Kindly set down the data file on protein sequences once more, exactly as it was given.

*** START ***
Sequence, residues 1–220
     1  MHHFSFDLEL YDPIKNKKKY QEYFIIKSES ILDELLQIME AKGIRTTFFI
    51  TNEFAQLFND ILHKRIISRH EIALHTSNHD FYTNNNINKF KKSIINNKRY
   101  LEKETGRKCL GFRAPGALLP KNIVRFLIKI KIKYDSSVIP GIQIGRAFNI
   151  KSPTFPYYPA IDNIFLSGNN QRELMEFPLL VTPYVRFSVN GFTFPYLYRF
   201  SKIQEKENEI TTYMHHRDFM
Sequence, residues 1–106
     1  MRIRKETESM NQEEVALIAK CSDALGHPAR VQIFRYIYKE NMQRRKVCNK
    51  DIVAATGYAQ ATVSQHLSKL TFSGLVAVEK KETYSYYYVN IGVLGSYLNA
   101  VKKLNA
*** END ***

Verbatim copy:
Sequence, residues 1–220
     1  MHHFSFDLEL YDPIKNKKKY QEYFIIKSES ILDELLQIME AKGIRTTFFI
    51  TNEFAQLFND ILHKRIISRH EIALHTSNHD FYTNNNINKF KKSIINNKRY
   101  LEKETGRKCL GFRAPGALLP KNIVRFLIKI KIKYDSSVIP GIQIGRAFNI
   151  KSPTFPYYPA IDNIFLSGNN QRELMEFPLL VTPYVRFSVN GFTFPYLYRF
   201  SKIQEKENEI TTYMHHRDFM
Sequence, residues 1–106
     1  MRIRKETESM NQEEVALIAK CSDALGHPAR VQIFRYIYKE NMQRRKVCNK
    51  DIVAATGYAQ ATVSQHLSKL TFSGLVAVEK KETYSYYYVN IGVLGSYLNA
   101  VKKLNA